Currently available in a turbocharged configuration developing 85-horsepower, the TwinAir is offered on the Fiat 500 and 500C, and will soon find its way under the hood of the new Lancia Ypsilon supermini. Fiat is also planning the introduction of a naturally aspirated version producing 65-horses as well as another high-performance turbocharged variant with 105HP. The TwinAir will also be offered in a more eco-friendly 80HP Turbo bi-fuel version.
“Fiat has now produced one of the all-time great engines,” said Dean Slavnich, editor of Engine Technology International and co-chairman of the International Engine of the Year Awards. “Who would have thought that a two-cylinder unit could have won the International Engine of the Year title when we launched the Awards in 1999? Its triumph is a clear signal that less is more: people want low-emission, fuel-efficient yet powerful engines, and just two cylinders certainly seems to provide a comprehensive solution!”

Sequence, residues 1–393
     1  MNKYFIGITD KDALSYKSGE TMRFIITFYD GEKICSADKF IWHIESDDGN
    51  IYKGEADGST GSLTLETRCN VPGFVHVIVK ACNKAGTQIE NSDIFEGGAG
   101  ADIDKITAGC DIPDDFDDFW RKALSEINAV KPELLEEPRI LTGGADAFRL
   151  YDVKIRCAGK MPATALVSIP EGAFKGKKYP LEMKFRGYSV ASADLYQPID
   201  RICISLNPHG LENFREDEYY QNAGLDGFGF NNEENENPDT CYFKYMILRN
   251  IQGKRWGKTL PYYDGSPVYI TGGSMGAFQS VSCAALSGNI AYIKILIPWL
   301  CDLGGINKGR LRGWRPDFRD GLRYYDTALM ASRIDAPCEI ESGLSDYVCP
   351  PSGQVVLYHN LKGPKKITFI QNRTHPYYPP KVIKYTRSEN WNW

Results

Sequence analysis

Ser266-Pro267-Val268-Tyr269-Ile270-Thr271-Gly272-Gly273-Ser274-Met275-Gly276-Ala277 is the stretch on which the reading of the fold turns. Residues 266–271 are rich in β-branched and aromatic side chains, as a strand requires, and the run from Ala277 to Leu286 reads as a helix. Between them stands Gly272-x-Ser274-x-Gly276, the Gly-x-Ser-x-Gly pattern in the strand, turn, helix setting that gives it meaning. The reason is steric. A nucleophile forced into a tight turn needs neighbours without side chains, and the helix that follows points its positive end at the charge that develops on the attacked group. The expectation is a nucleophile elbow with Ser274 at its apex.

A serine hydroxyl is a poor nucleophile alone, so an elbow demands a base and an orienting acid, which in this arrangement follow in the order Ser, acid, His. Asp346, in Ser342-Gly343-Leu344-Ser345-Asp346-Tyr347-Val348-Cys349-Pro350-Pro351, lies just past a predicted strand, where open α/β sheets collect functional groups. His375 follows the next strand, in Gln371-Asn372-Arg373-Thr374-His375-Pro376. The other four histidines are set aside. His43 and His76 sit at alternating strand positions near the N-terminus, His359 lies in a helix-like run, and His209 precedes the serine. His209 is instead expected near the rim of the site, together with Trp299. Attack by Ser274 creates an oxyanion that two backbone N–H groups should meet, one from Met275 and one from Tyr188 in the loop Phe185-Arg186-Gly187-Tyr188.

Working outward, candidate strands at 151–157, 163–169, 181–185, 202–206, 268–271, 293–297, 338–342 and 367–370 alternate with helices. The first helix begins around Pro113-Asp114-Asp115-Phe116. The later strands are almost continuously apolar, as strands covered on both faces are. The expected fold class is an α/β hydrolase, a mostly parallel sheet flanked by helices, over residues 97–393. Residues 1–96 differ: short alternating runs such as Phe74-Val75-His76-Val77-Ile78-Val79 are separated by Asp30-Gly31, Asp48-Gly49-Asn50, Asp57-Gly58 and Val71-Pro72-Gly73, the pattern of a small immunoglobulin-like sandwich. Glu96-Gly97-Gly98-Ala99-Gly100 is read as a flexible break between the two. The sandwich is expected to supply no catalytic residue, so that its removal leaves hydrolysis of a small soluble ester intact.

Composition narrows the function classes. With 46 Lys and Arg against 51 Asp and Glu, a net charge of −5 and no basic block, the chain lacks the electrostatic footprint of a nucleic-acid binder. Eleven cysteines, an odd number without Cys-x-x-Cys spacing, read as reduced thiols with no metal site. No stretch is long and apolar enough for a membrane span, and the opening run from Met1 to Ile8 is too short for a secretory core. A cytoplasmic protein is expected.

This year’s event, held on Wednesday, May 18th at the Engine Expo in Stuttgart, Germany, also saw BMW taking four accolades. These include the “3-liter to 4-liter” category with its 4.0-liter V8 unit mounted on the M3, the “2.5-liter to 3-liter” category for its 3.0-liter DI Twin Turbo, the “1.8-liter to 2-liter” category for its 2.0-liter Twin Turbo diesel engine found in the 123d and X1, and finally the “1.4-liter to 1.8-liter” category for its 1.6-liter four-cylinder turbo engine co-developed with PSA Peugeot Citroen, powering the Mini.
The second place in the overall competition went to VW Group's 1.4-liter TSI Twincharger engine, which triumphed in the “1-liter to 1.4-liter” category, while Audi won the “2-liter to 2.5-liter” category with its impressive 2.5-liter five-cylinder turbocharged engine from the TT RS and RS3.
The “Above 4-liter” category went to Ferrari's 4.5-liter V8 engine found in the 458 Italia, which also took the accolade of “Best Performance Engine”, bringing the Fiat Group's total wins to six, or half of all the awards.
By Dan Mihalascu